• National Water Project ($10 million) to improve access and quality of water and sanitation services in seven small town growth centers, improve water resources planning, and support the reforms in the water sector nationally
    • The Business Environment, Financial Sector and Investment Policy TA ($3.2 million) to improve the business climate for the private sector, especially for micro enterprises, SMEs, and agricultural smallholders
    • A Climate Change TA ($1.5 million) to strengthen the capacity of the government to integrate climate change into investment planning in forestry, agriculture, and the water/energy nexus. 

    Last Updated: Oct 31, 2018

  • Through the Multi-Donor Trust Fund for Health Results Innovation Trust Fund- Global Financing Facility (HIRTF-GFF), more than 777,000 women have received antenatal care services through at least one visit at supported facilities since inception, while more than 100,000 pregnant mothers have delivered in the facilities on an annual basis. Slightly more than 583,000 children have received full immunization since program inception. The impact evaluation of the program confirmed the approach resulted in faster rates of improvements in key maternal and child health indicators e.g there was a 13% improvement in the in-facility delivery rate and a 12% improvement in postnatal care in results-based-financing (RBF) districts, compared to those that had not yet started the approach. The project is increasing maternal and child health intervention in rural districts serving over 4.5 million people and expanding community involvement.

    Technical and Analytical Work

    With funding from the Zimbabwe Reconstruction Fund and building on earlier funding from Department for International Development (DfID), USAID’S SERA and African Development Bank, the Ministry of Finance and Economic Development led the pilot preparation of 2017 program-based budgets for three Ministries (Labor, Health and Education). For the 2018 National Budget, five more Line ministries were assisted to adopt program-based budgeting.

    ZIMREF also provided support to the government in the development of the Public Entities Corporate Governance Act to enhances corporate governance, transparency and accountability clearing the way for improved performance in public entities.   

    The Business Environment Financial Sector Investment Policy Technical Assistance (BEFSIP TA) supported efforts to update 13 pieces of legislation and associated regulations. Nine pieces of legislation have been enacted into law including the Judicial Laws Amendment (Ease of Settling Commercial and Other Disputes) Act, Deeds Registries Amendment Act, Insolvency Act and the Movable Property Security Interests Act. The TA is currently supporting the government on the development of an Investment Law to implement the Investment Policy Statement produced in January 2018.

    Through the Procurement Project, the government received support on the development of a Public Procurement and Disposal of Public Assets Act and related regulations. The act, which became effective on January 1, 2018, established the new Procurement Regulatory Authority of Zimbabwe.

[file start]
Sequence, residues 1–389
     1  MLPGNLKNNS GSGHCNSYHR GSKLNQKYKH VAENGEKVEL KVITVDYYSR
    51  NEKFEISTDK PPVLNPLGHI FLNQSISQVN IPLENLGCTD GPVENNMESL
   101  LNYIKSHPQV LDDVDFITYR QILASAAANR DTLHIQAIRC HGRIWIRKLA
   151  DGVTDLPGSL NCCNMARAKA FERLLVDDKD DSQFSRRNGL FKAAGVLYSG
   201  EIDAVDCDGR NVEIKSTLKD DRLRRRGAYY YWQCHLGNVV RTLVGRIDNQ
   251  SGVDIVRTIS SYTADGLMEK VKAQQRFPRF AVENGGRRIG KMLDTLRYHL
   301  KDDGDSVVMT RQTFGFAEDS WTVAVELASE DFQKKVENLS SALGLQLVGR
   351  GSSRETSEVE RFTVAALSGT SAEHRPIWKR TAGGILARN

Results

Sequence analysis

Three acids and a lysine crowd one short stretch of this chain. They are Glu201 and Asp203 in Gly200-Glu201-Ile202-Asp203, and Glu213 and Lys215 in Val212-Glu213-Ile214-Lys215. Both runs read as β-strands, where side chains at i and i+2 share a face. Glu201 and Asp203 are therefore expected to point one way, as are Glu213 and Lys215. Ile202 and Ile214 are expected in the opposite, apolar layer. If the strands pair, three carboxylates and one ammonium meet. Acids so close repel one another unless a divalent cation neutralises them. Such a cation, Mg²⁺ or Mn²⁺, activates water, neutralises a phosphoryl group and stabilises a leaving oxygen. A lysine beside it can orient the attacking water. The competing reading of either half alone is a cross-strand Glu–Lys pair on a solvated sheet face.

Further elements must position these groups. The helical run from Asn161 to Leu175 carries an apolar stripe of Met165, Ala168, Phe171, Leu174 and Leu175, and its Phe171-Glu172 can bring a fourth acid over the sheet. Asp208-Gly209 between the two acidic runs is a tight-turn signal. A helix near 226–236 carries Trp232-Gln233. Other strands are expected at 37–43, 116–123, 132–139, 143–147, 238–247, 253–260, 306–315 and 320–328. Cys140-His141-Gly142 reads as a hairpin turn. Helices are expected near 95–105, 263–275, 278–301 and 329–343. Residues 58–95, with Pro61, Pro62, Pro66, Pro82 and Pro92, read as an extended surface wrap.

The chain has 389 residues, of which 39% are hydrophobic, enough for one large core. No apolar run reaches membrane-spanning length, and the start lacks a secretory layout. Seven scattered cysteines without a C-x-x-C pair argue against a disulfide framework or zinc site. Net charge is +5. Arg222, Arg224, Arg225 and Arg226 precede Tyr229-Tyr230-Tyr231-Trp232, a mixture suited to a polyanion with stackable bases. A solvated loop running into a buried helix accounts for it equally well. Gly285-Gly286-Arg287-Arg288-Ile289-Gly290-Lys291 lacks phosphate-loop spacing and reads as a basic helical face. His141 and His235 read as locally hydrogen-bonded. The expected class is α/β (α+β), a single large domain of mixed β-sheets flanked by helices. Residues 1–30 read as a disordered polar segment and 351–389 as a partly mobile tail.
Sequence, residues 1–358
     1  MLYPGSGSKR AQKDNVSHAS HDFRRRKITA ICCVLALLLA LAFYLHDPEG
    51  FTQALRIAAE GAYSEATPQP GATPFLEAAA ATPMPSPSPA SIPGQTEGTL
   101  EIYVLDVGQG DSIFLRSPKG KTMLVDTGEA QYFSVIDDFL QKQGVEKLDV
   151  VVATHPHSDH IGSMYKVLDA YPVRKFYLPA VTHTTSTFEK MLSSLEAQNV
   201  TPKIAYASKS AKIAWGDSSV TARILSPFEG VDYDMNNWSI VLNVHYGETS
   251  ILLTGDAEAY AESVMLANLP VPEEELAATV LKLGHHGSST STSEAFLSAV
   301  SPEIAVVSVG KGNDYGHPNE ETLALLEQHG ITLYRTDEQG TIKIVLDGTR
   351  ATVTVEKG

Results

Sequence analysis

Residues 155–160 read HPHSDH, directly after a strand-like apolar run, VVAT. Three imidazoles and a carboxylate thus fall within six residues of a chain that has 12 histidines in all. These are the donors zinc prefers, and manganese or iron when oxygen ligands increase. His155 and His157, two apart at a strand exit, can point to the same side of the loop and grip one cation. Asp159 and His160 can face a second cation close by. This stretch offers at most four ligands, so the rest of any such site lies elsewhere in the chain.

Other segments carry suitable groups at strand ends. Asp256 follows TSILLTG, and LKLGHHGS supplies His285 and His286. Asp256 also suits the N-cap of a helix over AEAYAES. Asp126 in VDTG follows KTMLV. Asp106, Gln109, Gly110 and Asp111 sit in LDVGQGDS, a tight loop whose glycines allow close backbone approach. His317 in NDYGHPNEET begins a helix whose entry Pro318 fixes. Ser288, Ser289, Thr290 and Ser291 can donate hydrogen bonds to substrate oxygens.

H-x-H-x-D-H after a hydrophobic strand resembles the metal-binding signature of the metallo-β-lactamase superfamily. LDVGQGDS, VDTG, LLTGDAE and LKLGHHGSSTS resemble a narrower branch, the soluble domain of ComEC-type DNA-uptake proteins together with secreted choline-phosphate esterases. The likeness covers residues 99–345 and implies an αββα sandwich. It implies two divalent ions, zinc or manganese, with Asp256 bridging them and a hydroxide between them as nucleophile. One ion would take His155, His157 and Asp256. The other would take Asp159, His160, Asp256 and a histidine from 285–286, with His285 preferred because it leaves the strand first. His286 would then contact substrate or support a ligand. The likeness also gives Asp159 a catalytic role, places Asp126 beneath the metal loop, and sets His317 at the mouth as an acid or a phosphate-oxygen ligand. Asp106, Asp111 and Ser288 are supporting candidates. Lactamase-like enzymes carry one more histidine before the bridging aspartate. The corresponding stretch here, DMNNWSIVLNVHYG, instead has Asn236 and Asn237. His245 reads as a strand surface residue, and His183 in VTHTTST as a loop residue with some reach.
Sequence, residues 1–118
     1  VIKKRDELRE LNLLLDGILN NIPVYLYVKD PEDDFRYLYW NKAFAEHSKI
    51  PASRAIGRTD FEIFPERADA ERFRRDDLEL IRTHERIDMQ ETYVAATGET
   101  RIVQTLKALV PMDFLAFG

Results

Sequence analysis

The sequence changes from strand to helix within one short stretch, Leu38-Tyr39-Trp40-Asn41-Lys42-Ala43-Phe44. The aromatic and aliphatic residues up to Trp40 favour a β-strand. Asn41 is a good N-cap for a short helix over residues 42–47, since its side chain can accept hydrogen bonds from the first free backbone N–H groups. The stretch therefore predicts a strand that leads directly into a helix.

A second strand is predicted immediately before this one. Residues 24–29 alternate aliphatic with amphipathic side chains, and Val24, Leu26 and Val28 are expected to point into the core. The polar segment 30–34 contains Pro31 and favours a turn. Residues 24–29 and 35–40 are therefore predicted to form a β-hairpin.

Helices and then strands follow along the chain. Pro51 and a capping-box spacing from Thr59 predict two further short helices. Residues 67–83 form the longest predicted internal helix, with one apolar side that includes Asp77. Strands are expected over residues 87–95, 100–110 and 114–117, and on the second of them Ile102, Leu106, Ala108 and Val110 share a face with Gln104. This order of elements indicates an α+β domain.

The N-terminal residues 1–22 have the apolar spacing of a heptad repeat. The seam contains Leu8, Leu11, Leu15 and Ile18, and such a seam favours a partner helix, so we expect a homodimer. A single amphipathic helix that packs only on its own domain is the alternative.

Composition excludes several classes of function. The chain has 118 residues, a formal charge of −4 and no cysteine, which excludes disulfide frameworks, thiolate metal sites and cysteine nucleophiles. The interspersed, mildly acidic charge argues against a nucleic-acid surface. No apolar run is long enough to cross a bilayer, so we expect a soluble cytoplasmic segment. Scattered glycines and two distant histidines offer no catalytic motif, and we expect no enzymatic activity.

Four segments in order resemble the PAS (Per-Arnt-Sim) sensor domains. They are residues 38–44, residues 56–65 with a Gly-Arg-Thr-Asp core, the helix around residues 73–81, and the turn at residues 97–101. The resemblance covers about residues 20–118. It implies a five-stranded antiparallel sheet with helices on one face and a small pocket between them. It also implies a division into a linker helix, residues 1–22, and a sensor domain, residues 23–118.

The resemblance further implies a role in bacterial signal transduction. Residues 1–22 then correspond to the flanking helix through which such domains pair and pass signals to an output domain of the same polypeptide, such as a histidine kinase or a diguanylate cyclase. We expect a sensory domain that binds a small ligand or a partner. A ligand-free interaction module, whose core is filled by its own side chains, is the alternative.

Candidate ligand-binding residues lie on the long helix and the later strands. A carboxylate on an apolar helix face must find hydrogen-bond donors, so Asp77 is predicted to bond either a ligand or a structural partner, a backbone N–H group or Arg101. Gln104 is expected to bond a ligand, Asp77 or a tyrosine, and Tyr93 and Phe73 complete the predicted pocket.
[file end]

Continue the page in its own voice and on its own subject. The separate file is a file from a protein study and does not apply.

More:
The Health Sector component of the Results-based Budgeting TA supported efforts by the government and other development partners in the production of the launch of the Zimbabwe National Health Financing Policy; and National Health Financing Strategy.

    The Poverty Monitoring and Evaluation TA supported the government in developing a legal framework for the sharing of micro-data for further analysis. A statutory instrument on micro-data dissemination has been gazetted, enabling advanced poverty analysis and policy simulations.  

    Last Updated: Oct 31, 2018

  • In 2014, the World Bank Board of Executive Directors approved the Zimbabwe Reconstruction Fund (ZIMREF), a country-specific umbrella-type multi-donor trust fund that contributes to strengthening Zimbabwe’s systems for reconstruction and development.

    ZIMREF is the key instrument for implementing the Bank’s Third Interim Strategy Note for Zimbabwe. ZIMREF has received $42.4 million from Denmark, the European Union, Norway, Sweden, Switzerland, the UK, and the World Bank’s State and Peace Building Fund.

    The (HIRTF-GFF)’s,  financing grant of $53 million from the  complements Zimbabwe’s ongoing Health Sector Development Project that supports the introduction of Results-Based Financing in rural and low-income clinics, the piloting of voucher programs in urban clinics, and quality intervention throughout.. Government’s counterpart contribution is US$21.2million. Cordaid is the implementing partner.

    Development partners also include:

    • The Cooperation in International Waters in Africa: $6 million grant to support preparation of the Zambia–Zimbabwe, Batoka Gorge Hydro-Electric Scheme.
    • The Global Environmental Fund: $5.6 million grant for the Hwange Sanyati Biological Corridor Project to develop land use and resource management of local communities and support investments in alternative livelihoods, improved forest management, and reverse land degradation, is implemented by the World Wildlife Fund Zimbabwe.
    • The Global Facility for Disaster Reduction and Recovery: $600,000, grant financing for a Natural Disaster Risk Reduction disaster project in Kariba district implemented by the Danish and Zimbabwe Red Cross.
    • The European Union, AfDB, ZRA, and Embassy of Sweden are funding the Kariba Dam Rehabilitation Project. The $294 million is for safety operations for the dam.

    Last Updated: Oct 31, 2018

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LENDING

Zimbabwe: Commitments by Fiscal Year (in millions of dollars)*

*Amounts include IBRD and IDA commitments


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Additional Resources

Country Office Contacts

Main Office Contact
Block 3, Arundel Business Park
107 Norfolk Road, Mount Pleasant
Harare, Zimbabwe
(+263-4) 369-130/1
For general information and inquiries
Cheryl Khuphe
Communications Officer
(+263-4) 369-130/1
ckhuphe@worldbank.org
For project-related issues and complaints
zimbabwealert@worldbank.org